If I'm reading the arguments made here correctly, the lay of the land is as follows: We agree that in theory a cap-and-trade system and a tax can be designed to be similar with respect to their coverage, their effects, and, to some extent, their administrative costs. For example, both can be equally imposed upstream or downstream, equally grandfather existing emissions, raise the same revenue, and, at least roughly, provide the same level of price certainty and emissions certainty. But this all depends on how well the systems are designed. The disagreement seems to be largely about which one will be susceptible to bad design decisions, or more crudely, which one will Congress screw up more. Congress is good at writing bad tax laws; would it also bungle a cap-and-trade regime? And will the administrative costs of a cap-and-trade regime as actually implemented exceed those of a tax as actually implemented?
It's unclear how to determine the answer to these sorts of questions. We cannot perform an experiment, nor do we have natural experiments or historical data series to analyze. Existing carbon tax regimes aren't very good, but neither are the existing carbon cap-and-trade regimes--most significantly the EU Emissions Trading System (ETS). However, the existing carbon taxes and the EU ETS were enacted at different times with different information, so it's not clear that they can be directly compared. At best, we have intuitions about likely effects. My intuition tends to lie with Janet Milne's--a tax would be simpler because the institutions already exist. Perhaps one thing we might get out of the current financial crisis is how difficult it is to design well-functioning markets. On the other hand, I'm a tax lawyer by training and have plenty of experience with bafflingly complex tax laws.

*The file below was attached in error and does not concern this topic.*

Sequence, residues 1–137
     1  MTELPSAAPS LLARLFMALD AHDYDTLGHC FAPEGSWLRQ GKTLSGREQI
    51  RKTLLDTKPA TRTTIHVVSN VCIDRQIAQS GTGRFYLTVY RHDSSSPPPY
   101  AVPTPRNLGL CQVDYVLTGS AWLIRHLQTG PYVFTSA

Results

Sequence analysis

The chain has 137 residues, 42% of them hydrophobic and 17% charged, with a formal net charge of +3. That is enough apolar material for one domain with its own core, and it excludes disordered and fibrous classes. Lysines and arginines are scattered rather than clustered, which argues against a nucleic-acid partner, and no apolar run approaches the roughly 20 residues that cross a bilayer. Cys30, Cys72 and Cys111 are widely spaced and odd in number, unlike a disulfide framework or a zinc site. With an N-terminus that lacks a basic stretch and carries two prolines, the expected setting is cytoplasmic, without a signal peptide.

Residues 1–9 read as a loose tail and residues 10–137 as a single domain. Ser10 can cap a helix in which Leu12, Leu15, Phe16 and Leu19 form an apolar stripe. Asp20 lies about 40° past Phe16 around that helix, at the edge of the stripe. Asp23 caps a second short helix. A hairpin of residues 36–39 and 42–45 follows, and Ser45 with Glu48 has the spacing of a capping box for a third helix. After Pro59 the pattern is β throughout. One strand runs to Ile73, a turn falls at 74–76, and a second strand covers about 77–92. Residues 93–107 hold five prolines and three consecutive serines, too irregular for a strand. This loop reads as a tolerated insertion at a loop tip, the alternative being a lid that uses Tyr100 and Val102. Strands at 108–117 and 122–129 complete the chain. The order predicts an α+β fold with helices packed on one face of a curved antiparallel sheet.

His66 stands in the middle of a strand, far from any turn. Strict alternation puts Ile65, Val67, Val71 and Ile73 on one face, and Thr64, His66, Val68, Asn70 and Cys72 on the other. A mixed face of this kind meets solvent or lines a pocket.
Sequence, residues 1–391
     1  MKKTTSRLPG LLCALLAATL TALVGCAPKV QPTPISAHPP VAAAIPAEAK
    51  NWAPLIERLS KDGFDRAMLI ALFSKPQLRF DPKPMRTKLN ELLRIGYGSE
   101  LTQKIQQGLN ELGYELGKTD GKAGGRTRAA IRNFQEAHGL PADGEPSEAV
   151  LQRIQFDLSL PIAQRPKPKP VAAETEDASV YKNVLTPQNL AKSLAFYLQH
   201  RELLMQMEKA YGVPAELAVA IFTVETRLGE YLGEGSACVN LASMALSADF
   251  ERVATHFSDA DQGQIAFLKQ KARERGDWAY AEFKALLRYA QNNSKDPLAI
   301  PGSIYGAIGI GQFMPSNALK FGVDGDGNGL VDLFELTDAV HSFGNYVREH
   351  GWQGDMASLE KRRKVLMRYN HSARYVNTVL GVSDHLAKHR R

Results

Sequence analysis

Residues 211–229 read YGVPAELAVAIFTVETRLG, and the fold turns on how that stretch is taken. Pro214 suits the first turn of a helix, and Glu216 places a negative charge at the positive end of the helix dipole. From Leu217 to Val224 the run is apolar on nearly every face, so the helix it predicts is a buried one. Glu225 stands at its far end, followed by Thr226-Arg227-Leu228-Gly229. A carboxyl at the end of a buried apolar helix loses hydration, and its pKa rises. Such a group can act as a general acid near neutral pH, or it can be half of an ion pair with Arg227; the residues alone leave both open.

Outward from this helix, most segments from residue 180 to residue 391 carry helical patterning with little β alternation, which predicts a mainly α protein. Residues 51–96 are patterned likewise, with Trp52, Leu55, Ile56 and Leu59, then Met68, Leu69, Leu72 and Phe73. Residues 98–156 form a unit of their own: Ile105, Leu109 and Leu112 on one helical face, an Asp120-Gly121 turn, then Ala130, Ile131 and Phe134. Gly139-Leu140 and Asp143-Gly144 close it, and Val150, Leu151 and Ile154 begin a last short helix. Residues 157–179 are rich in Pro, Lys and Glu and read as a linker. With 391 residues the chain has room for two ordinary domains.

Let me suggest two different lines of argument that might help resolve the issue in the absence of information about likely administrative costs. The first is that a cap-and-trade system must have a price ceiling (often called a safety valve) and a price floor. The goal of putting a price on emissions is to make polluters face the full costs of their actions. A price is necessary because the market price doesn't reflect the external harms that come from pollution. In a cap-and-trade regime, if the price spikes or tanks, polluters will very likely no longer face the true external costs of their actions. For example, if the price drops precipitously as happened in the EU ETS, industry would be able to pollute even if the external costs remain high. Similarly, if the price spiked because of short-term demand as happened in the Californian RECLAIM system, the regulatory cost would exceed the true external costs.
This lack of tracking between the trading price and the external harm is the major deficiency of a cap-and-trade system. A price floor and ceiling remedy the problem by ensuring that permits trade within a reasonable band. My guess is that many cap-and-trade advocates wouldn't accept a system with a ceiling and floor. Those who want absolute certainty on total emissions wouldn't accept a ceiling. Industry, which argues for a ceiling, wouldn't want a floor. To me, this means that we should start with a tax rather than risk getting a flawed cap-and-trade system.
Second, I believe that the central issue for choosing a pricing instrument, an issue that has unfortunately received scant attention in our discussions so far, is how each of the systems would be implemented internationally. A climate regime must involve all major emitters and the choice of instrument can affect whether we achieve broad participation and whether a treaty is enforceable. The claimed advantage of a cap-and-trade regime is that it increases participation because countries can be bought off through extra emission allowances, as was done in Kyoto. In theory, exactly the same thing could be done with taxes by transferring a portion of the tax receipts, but the transparency of such transfers may make this infeasible. On the other hand, buying off governments would likely involve giving billions of dollars of permits to badly behaved governments, something that most of the world would not agree to. And if our current foreign aid budgets reflect how much we're currently willing to give to foreign governments, there's no reason to think that we would spend orders of magnitude more in a climate treaty. Moreover, governments have little incentive to enforce caps on their own industries: allowing domestic cheating helps local industries and imposes externalities on the world. Taxes, I think, dominate in the international context.